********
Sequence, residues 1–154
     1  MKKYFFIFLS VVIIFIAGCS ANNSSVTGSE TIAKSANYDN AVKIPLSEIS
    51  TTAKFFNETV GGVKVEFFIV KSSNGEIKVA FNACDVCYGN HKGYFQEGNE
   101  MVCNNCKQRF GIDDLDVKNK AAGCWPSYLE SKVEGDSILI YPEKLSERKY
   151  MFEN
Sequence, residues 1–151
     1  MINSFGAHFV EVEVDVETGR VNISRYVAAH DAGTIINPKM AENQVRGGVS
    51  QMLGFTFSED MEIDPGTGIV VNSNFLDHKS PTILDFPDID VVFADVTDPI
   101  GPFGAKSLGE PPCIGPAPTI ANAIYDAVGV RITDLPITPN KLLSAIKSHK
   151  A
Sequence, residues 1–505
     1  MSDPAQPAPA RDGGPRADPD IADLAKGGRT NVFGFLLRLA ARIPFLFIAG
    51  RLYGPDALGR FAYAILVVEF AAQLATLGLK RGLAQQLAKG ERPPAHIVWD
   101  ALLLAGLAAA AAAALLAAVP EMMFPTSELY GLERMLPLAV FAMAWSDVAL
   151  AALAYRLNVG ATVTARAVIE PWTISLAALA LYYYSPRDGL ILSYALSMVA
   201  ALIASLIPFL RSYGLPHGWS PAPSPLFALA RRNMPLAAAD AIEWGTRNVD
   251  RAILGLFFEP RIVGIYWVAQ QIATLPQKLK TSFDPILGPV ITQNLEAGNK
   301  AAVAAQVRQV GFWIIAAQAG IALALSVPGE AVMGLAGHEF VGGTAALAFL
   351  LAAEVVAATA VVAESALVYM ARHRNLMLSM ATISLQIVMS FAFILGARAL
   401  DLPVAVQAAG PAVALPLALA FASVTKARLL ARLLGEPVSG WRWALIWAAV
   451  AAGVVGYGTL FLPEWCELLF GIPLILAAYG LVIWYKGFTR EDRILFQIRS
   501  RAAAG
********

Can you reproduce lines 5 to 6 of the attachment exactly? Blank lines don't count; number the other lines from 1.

   151  MFEN
Sequence, residues 1–151